How do businesses navigate the complex terrain of customer engagement in today’s world? The answer often lies in pivotal decisions like whether to build their own custom outreach software or to opt for a readily available off-the-shelf solution.
The build versus buy software dilemma is not a novel one. Ask any senior IT professional, and they will surely have dozens of tales of researching potential software vendors or collaborating with software engineers on a custom solution. Companies have invested in custom software solutions since the earliest days of business computing and there has been a robust industry of third-party software vendors for about as long. Especially with the growth of software-as-a-service (SaaS) companies since 1999, businesses have a plethora of options for how to meet their software needs.
This choice between building or buying software may seem deceptively simple, but it holds the potential to reshape a company’s operational efficiency, financial strategy, and competitive edge. In this article, we explore the critical decision of whether it’s best to build or buy outreach software while underscoring its significance and the factors that underpin this important choice.
Key Factors To Consider
When contemplating the decision to build or buy outreach software, the financial implications are some of the most important factors to consider.
When signing on a software vendor with a pre-built software solution, you typically might pay a small initial cost, followed by ongoing costs over time. For outreach, this is usually billed at a flat rate each month or year, or billed by number of records or messages sent. These ongoing costs can seem like a major downside of paying for your outreach solution.
On the other hand, building custom software development offers the enticing prospect of tailoring your software to your precise needs. You can have all the features you desire, exactly as you envision them. However, this flexibility comes at a price. One statistic shows that the average major software project overspends by 45% (McKinsey). And it’s not just the upfront development costs that need to be considered. Maintenance and support for these features can account for up to 20% of the original development costs (Fierce Wireless).
Ultimately, the costs to purchase software are very concrete — after all, they represent actual cash that flows from your coffers to the vendor. However, building software often has similar or greater costs when you account for the time of your development and IT teams.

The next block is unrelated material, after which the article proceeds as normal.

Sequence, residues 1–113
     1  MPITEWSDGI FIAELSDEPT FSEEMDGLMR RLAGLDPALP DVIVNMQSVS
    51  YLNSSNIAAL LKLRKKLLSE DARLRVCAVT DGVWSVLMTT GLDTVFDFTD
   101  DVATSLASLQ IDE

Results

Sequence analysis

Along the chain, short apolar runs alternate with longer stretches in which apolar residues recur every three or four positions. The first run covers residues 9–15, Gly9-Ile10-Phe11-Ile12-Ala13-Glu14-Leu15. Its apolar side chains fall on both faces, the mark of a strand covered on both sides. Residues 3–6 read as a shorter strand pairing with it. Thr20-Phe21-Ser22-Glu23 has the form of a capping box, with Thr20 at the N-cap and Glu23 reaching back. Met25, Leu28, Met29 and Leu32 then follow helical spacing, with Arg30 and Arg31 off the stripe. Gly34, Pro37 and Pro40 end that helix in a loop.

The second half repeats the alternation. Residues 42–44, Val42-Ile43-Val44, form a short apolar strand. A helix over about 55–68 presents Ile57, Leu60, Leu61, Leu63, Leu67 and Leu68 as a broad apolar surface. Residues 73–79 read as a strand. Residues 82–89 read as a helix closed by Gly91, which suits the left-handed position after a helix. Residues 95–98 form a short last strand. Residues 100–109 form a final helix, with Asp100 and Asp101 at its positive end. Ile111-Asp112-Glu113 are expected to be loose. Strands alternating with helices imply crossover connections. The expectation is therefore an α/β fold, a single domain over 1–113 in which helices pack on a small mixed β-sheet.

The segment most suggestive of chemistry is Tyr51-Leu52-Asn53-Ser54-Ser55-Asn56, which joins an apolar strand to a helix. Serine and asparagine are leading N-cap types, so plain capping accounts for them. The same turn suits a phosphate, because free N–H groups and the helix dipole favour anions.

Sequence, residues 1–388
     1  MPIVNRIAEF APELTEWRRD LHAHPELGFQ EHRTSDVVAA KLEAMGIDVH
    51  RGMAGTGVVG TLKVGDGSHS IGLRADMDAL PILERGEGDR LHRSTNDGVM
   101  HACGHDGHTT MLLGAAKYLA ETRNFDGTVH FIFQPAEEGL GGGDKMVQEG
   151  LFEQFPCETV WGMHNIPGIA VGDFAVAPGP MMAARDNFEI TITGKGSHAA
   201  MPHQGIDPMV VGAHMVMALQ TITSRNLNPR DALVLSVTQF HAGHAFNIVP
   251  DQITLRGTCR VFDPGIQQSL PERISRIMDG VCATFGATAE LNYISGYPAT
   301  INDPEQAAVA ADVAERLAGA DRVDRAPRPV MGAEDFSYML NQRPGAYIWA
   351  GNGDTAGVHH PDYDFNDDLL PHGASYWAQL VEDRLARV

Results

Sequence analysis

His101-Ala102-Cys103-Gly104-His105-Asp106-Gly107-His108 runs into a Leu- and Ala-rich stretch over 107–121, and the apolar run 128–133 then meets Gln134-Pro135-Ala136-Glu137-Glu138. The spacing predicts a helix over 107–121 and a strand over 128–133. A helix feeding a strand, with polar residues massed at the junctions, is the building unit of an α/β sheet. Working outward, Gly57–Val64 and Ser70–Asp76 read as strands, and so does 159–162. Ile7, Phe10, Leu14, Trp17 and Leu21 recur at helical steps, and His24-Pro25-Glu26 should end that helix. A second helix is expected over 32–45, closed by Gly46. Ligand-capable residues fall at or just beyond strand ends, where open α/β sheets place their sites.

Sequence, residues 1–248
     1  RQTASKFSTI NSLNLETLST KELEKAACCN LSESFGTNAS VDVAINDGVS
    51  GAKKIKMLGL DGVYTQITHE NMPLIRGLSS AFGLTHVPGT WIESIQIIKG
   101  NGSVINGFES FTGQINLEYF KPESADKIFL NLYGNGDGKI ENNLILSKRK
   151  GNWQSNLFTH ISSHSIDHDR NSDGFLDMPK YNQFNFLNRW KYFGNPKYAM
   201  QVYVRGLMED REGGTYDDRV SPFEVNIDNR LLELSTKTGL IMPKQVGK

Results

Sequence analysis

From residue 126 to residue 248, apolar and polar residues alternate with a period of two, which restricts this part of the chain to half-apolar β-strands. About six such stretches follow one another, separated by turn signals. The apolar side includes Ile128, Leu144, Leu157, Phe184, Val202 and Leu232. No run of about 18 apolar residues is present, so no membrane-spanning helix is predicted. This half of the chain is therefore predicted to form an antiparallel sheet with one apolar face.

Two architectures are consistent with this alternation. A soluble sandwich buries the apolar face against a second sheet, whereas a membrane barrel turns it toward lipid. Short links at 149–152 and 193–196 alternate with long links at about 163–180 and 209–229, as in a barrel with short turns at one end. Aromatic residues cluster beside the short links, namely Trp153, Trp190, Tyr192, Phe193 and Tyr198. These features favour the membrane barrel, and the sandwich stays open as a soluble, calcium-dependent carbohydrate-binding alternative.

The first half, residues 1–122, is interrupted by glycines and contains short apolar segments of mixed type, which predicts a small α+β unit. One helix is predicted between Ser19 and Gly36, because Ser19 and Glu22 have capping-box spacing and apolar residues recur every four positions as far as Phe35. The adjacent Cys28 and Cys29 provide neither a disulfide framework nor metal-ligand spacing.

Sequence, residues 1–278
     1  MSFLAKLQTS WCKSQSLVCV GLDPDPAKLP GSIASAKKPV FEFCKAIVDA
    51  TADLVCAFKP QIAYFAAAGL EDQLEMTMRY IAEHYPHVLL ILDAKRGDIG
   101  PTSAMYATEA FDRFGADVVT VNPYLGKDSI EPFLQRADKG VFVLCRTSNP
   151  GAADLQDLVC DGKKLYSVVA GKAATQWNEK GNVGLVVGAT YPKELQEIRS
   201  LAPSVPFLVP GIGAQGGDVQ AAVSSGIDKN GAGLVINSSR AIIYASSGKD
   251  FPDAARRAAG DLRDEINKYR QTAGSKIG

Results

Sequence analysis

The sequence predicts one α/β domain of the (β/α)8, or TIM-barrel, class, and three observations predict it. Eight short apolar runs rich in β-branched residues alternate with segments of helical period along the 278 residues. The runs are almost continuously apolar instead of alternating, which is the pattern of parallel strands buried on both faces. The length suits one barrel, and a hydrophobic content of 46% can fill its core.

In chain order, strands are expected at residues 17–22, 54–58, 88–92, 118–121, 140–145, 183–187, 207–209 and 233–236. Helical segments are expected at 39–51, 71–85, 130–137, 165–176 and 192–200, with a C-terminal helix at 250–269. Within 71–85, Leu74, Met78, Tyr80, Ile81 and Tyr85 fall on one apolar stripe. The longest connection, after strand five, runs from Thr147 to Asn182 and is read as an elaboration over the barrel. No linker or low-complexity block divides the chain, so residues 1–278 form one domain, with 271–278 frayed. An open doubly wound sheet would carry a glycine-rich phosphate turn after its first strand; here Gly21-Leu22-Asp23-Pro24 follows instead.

Verdict for cost: It depends (but remember to account for hidden costs of the build approach).
Time To Value (TTV)
When it comes to customer engagement, speed can be the difference between success and missed opportunities. The time it takes to realize value from your outreach software is a critical factor to consider. Building a custom solution from the ground up can be a time-consuming endeavor, as development and fine-tuning demand a significant investment of time and money. For a robust software solution of moderate complexity, a business should normally expect six months to a year until launch day. And it’s worth mentioning that an estimated 52% of large IT projects go over time, over budget, or require sacrificed functionality (Form).
Conversely, buying an existing solution can often expedite the process. Software vendors design their systems for rapid implementation, allowing you to swiftly leverage the features they offer. Time to value when buying software can range from instant (in the case of true off-the-shelf solutions) to a few weeks or months for highly customized solutions. In a competitive marketplace, this agility can be a game-changer, enabling your business to respond promptly to evolving market conditions and customer needs.
Winner for time to value: Buy!
Compatibility With Existing Systems
Seamless integration with your current technology stack is a fundamental requirement for any outreach software. Building your own solution allows you complete control over the integration process, ensuring it aligns perfectly with your existing systems. However, this level of control necessitates expertise in managing the intricacies of integration, which can be a significant responsibility.
When purchasing software, you must assess whether it will be compatible with your existing systems. Some software vendors understand the importance of integration and can provide robust application programming interfaces (APIs) and support to facilitate this process. Opting for a solution that aligns seamlessly with your technology stack can help you avoid compatibility issues and expedite the implementation process but requires forethought when selecting a software vendor.
Ultimately, both options require due diligence to ensure that your chosen solution harmonizes with your existing systems.
Winner for compatibility: Build (though customized bought solutions can come close).
Now we’re getting to the exciting part of getting a new outreach platform: the features! When you get right down to it, the features are the reason you’re upgrading your software, and they have the potential to greatly improve outreach performance. So, which approach gives a solution with better features, building or buying?
Building your own software gives you the unique advantage of shaping every feature according to your precise needs. Whether it’s SMS outbound messaging, two-way messaging, auto-reply functionality, custom branded keywords, analytics, or reporting, you can tailor these features to align with your business objectives perfectly.